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The video card you should buy today:

2

Comments

  • HorrorScopeHorrorScope Norcal, CAPosts: 612Member

    Why is a 7770 better then a 460?

  • Ice-QueenIce-Queen USA, GAPosts: 2,451Member Uncommon

    image

    What happens when you log off your characters????.....
    http://www.youtube.com/watch?v=GFQhfhnjYMk
    Dark Age of Camelot

  • QuizzicalQuizzical Posts: 14,783Member Uncommon
    Originally posted by HorrorScope

    Why is a 7770 better then a 460?

    The GeForce GTX 460s that you've seen reviews of are long gone, as those were discontinued more than a year ago.  The GeForce GTX 460s that you can buy today are a different card entirely, and weren't sent to reviewers, so we can only guess how they perform.

    As compared to those GTX 460s, a Radeon HD 7770 is probably:

    -faster

    -cheaper

    -uses far less power

    -has a better feature set

    The advantage of the GTX 460 is, well, there isn't one.

  • QuizzicalQuizzical Posts: 14,783Member Uncommon

    If the only things you care about are purchase price and performance, then that will get you about the same performance per dollar as a Radeon HD 7770.  So it's certainly not far and away the best, but if that's your budget, then sure.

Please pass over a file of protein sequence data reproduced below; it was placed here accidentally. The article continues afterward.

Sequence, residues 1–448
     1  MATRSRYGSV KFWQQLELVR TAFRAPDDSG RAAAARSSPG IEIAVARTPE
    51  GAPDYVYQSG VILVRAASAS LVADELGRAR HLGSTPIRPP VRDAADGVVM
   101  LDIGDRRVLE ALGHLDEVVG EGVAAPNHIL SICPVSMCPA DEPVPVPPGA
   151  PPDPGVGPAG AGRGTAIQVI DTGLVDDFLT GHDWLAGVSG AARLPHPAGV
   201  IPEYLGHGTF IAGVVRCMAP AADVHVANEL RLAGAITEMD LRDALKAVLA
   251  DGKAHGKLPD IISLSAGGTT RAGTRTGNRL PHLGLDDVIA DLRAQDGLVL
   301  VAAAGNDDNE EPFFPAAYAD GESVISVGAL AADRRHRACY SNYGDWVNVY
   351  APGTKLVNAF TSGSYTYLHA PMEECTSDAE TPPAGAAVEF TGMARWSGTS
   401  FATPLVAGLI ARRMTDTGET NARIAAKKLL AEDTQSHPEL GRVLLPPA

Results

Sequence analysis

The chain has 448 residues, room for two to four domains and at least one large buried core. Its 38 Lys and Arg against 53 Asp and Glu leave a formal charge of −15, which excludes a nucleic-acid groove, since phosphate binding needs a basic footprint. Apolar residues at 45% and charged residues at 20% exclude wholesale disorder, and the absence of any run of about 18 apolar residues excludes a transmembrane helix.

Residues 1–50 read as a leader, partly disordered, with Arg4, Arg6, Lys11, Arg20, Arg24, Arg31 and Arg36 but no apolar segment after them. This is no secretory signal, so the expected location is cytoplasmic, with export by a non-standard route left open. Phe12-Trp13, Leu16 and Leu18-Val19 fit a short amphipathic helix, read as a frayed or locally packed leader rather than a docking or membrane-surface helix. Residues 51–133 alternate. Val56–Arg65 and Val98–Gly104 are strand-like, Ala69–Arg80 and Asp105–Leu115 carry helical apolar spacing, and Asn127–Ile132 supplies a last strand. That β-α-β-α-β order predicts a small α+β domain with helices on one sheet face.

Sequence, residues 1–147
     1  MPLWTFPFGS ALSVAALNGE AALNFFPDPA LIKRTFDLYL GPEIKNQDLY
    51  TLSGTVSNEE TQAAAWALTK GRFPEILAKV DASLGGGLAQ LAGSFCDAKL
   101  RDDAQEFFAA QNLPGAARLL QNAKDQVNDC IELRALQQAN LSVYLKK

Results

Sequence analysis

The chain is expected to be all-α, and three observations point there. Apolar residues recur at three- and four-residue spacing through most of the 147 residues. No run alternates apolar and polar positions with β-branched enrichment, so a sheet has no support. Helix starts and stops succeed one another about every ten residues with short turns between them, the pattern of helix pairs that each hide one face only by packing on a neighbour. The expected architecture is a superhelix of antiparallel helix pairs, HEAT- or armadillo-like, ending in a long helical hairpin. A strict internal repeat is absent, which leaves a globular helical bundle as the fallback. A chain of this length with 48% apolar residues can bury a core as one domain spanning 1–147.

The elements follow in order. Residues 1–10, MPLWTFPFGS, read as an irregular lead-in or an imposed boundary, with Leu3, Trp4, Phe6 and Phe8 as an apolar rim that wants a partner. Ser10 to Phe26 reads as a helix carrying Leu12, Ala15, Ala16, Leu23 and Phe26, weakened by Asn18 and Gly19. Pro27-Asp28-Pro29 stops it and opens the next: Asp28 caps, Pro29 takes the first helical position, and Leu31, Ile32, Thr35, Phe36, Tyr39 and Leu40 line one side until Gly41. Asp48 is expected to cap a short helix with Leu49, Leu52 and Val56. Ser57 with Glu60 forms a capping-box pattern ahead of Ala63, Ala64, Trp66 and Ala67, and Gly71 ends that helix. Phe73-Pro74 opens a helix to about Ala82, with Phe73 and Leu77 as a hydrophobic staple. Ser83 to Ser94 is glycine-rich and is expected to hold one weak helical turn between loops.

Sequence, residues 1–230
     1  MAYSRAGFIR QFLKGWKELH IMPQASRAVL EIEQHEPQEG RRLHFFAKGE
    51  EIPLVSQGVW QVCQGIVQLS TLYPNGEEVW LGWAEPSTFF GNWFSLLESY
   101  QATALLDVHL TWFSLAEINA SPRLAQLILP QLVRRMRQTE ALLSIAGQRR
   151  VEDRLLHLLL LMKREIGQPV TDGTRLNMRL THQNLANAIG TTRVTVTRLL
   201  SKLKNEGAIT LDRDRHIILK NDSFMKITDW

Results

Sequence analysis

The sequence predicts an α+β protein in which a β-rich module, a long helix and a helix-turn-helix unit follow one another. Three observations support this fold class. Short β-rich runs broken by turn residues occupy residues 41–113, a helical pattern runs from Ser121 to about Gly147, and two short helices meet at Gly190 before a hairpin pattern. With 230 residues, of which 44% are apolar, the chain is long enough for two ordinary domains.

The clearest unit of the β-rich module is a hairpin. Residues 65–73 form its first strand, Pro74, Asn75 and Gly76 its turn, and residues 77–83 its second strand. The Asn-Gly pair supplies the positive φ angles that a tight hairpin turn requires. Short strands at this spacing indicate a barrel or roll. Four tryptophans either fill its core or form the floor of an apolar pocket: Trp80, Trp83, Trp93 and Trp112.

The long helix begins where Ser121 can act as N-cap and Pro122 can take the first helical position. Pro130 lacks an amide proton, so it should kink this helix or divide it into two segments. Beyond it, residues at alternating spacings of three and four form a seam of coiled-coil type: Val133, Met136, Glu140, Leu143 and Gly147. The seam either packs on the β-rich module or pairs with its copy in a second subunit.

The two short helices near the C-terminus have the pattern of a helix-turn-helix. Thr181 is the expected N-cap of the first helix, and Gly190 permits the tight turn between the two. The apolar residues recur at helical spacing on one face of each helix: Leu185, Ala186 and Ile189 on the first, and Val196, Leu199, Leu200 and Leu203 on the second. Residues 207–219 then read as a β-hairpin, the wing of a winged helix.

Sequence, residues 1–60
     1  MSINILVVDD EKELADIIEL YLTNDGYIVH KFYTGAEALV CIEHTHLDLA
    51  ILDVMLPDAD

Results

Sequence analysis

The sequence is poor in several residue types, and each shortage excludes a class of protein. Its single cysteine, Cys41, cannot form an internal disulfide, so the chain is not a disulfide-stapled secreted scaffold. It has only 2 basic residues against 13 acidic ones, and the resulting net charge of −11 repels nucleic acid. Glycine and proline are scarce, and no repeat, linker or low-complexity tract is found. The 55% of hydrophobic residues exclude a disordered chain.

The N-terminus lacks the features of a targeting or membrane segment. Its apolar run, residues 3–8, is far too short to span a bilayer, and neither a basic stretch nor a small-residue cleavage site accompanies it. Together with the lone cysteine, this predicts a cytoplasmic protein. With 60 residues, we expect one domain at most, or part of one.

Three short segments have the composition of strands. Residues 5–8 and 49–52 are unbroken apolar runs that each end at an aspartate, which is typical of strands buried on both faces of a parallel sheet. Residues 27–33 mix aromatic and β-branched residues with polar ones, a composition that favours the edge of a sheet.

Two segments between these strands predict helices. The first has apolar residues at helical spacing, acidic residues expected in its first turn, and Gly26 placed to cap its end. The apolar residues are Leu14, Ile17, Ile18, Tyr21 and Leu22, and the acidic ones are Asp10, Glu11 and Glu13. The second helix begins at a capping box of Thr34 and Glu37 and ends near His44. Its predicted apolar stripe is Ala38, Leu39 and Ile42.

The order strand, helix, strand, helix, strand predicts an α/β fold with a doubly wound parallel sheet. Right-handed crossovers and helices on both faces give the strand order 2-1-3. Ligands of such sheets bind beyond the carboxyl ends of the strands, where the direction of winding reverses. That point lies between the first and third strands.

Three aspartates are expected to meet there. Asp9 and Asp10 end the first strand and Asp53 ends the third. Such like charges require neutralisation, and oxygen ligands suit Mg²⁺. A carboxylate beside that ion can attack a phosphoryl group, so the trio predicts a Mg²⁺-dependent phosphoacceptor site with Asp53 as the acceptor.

But reference GTX 480s also run notoriously hot and loud.  They pull obscene amounts of electricity, which is a problem if you're paying your own electrical bill.  Just to put this into perspective, if you hook up two monitors, the GTX 480 will use more power at idle than a Radeon HD 7770 does while heavily overclocked and running an artificial stress test.  Add a couple of dollars per month for electricity and it's no longer such a cheap card.

  • Ice-QueenIce-Queen USA, GAPosts: 2,451Member Uncommon
    Originally posted by Quizzical

    If the only things you care about are purchase price and performance, then that will get you about the same performance per dollar as a Radeon HD 7770.  So it's certainly not far and away the best, but if that's your budget, then sure.